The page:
RPG games (roll playing games) such as the Sims and similar games, use astrology for their characters. A critical Virgo sun sign will not get along well with an aloft Aquarian. (please-- no shooting allowed by any Virgos and Aquarians) so they might make good adversaries.

Some corporations use personality tests for guidelines of hiring new employees. Those tests are used to find out your characteristics and delve into who you truly are underneath that cool exterior. It's basically an astrology-based test. (some corporations add a "handwriting analysis" to that same test or use it alone.)

If you don't know a Virgo from an Aquarian, then use the Internet to get a brief crash course online. "Astrology sun signs" would be a good search description. Look for compatible signs and incompatible signs. Incompatible signs are usually  listed with each sun sign along with all compatible sun signs if you look for

Now that you know who is who and their differences, give your characters those personality traits.

A Virgo is critical of everything. (okay, I should know, my mother, my first husband, and best friend, are Virgos.) A Virgo is a perfectionist and generous (you happy now?) but quick to judge, not very decisive, is either a cynic or views everything through rose-colored glasses. A Virgo is... uh, I'll leave it and go on to
the Aquarian, (my son is one, okay?) who is aloft, easy-going and laid back, thinks futuristic, to the point of "it ain't gonna happen no matter what you think, so I'll do it my way" and believes there's a short-cut to everything in life being a bit of a know-it-all. However, they are very good counselors.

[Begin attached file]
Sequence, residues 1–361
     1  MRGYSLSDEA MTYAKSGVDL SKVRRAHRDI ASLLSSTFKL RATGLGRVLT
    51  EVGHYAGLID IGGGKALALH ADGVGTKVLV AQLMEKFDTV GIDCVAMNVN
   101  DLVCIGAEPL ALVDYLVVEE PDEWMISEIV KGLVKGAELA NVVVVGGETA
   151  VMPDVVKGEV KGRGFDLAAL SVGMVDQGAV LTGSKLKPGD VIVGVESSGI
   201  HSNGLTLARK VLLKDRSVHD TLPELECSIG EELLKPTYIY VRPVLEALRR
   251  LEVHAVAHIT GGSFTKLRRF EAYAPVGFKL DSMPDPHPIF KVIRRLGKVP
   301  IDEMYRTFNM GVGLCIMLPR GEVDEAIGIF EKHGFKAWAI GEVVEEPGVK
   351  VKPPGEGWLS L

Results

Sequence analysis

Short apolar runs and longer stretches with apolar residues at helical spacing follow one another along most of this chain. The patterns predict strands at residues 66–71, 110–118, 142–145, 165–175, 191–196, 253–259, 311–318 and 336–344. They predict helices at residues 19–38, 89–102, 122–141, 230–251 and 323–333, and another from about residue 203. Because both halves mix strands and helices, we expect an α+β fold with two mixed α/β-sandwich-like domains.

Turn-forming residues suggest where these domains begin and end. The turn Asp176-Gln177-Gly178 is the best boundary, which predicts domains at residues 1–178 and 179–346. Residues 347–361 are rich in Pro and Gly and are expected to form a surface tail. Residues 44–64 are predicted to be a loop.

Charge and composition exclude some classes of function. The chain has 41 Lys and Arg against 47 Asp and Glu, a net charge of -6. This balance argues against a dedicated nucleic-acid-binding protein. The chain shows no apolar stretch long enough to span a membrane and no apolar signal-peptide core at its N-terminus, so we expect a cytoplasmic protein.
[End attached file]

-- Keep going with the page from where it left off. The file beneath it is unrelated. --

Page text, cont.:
So, you can certainly imagine those two not getting along well. Put them in a room together and let 'em at each other. (Same goes for signs that are compatible;   they fall in love and make good lovers, admire one another, are best friends, and work well together, etc.)

Stalled Chapter
In the middle of a chapter and don't know where to go or how to end it? To end it, think about what's in imaginary following chapters-- where do you want the story to go and what do you plan? That can help you 'guide' the chapter in that direction, or skip that chapter completely for the time being. Set it aside and
begin writing another chapter(s). (who cares what chapter number it is at this point? It won't end up a chapter anyway... it'll get merged)

You might keep writing to the point that you've forgotten you have an incomplete chapter four chapters back. Look at what you wrote. Read it and you'll see what you need in order to end that incomplete chapter that was abandoned. Now it's all meshed together.

The beginning and end is the easiest part of writing a story and book. It's all that's written in between those two points that is hard. You must keep your reader's interest with the conflicts and resolutions, let alone, evolve the characters and guide them to the conclusion in a dramatic and climatic ending.

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"In every talented person with a small desire to write-- hides a truly gifted writer, once armed with a little knowledge and good editing."
   Copyright © 2015  Jannie Balliett.  Division of Balliett Enterprise.  All Rights Reserved.